This evening marks the start of Hanukkah, the Jewish festival of lights.
So, after the sun sets tonight while some of us may be seasoning our turkeys and preparing our Thanksgiving side dishes, thousands of New Mexicans may be also lighting Menorahs and reciting blessings.
How many times has Hanukkah coincided with Thanksgiving? It has widely been reported that it has never happened before and isn’t likely to happen again for thousands of years. Some Jewish organizations maintain through some date conversions that it has happened before, at least three times, and it could happen again as soon as 2070.
On this Thanksgiving-Hanukkah – or Thanksgivukkah as it has been popularly deemed – we’re recognizing New Mexico’s Jewish population.
Jewish families and descendants of Jewish families have lived in New Mexico since the days of colonization. Historians believe some colonists may have outwardly converted to Christianity during the Spanish Inquisition but secretly held on to their Jewish faith.
In the 1800s, Jewish pioneer families were drawn to the communities of Las Vegas, Santa Fe and Albuquerque, some also settled near Carlsbad, Taos and Fort Sumner.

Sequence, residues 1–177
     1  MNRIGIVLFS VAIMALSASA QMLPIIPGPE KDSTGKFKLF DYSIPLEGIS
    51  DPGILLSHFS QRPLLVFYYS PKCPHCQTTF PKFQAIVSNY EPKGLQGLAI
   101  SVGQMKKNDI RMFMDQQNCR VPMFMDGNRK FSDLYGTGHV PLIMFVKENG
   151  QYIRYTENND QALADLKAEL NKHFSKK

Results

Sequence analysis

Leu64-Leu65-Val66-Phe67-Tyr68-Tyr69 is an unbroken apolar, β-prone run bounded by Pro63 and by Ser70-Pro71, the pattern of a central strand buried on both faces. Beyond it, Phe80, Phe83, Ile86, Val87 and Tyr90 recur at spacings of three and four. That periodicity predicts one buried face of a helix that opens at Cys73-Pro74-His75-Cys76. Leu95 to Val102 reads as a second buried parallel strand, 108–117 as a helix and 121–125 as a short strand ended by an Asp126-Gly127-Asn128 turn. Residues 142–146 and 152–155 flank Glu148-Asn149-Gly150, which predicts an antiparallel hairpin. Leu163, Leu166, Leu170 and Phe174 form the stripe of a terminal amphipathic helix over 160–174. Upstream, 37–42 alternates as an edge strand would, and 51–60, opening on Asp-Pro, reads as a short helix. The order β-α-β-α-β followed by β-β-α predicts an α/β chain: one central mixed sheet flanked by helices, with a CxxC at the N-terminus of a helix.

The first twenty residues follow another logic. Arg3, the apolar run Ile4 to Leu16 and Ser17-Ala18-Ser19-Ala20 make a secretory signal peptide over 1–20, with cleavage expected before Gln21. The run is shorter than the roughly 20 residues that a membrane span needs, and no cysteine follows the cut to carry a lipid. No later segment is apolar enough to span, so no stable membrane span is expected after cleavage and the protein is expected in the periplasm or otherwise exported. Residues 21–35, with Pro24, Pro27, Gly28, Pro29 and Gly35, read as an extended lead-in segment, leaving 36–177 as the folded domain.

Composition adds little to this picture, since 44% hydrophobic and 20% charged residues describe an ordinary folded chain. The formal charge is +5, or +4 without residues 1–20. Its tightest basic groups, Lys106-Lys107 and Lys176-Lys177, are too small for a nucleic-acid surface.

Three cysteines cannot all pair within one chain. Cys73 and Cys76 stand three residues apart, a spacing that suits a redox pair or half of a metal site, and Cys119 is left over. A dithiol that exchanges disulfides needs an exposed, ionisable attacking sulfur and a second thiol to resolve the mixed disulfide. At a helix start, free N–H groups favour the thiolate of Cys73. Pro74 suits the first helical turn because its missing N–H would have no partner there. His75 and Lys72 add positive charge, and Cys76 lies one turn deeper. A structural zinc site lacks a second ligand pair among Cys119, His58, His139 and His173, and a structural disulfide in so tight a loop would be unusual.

In 1881, the large Jewish community in Las Vegas established the Montefiore Cemetery, which was one of the first Jewish cemeteries west of the Mississippi river. Just three years later, the first Jewish synagogue in New Mexico Territory – Congregation Montefiore, also in Las Vegas – was established.
In the 1860s, it is said Jewish families in Santa Fe helped complete a building that has become one of that city’s iconic and most beloved structures: The Cathedral Basilica of St. Francis of Assisi. According to tradition, Jewish families in the area contributed money to finish the grand cathedral, which includes a Hebrew Tetragrammaton above its main entrance.
Some notable Jewish residents and families who’ve left their mark on New Mexico include
– Charles Ilfeld a pioneer and Las Vegas merchant
– Yetta Kohn who owned a handful of stores and businesses and even served as a postmistress before founding a ranch that became the T-4 Cattle Company (and whose son attended the state’s Constitutional Convention)
-The Seligman family who forged relationships with Pueblo and Hispanic communities that remain today
The New Mexico Jewish Historical Society is working to archive stories of these settlers and families in order to draw a more complete picture of Jewish life in New Mexico and influence on the area.
This Thanksgivukkah, we’re thankful for all the Jewish families who have contributed so much to New Mexico’s history and who will continue to enrich our communities.